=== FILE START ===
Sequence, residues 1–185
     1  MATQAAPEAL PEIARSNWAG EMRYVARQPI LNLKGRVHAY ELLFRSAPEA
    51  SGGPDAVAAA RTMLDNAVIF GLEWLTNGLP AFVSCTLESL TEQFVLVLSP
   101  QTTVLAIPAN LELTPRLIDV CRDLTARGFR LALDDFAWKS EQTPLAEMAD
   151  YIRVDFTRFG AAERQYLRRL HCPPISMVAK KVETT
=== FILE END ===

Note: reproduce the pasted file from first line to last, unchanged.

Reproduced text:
Sequence, residues 1–185
     1  MATQAAPEAL PEIARSNWAG EMRYVARQPI LNLKGRVHAY ELLFRSAPEA
    51  SGGPDAVAAA RTMLDNAVIF GLEWLTNGLP AFVSCTLESL TEQFVLVLSP
   101  QTTVLAIPAN LELTPRLIDV CRDLTARGFR LALDDFAWKS EQTPLAEMAD
   151  YIRVDFTRFG AAERQYLRRL HCPPISMVAK KVETT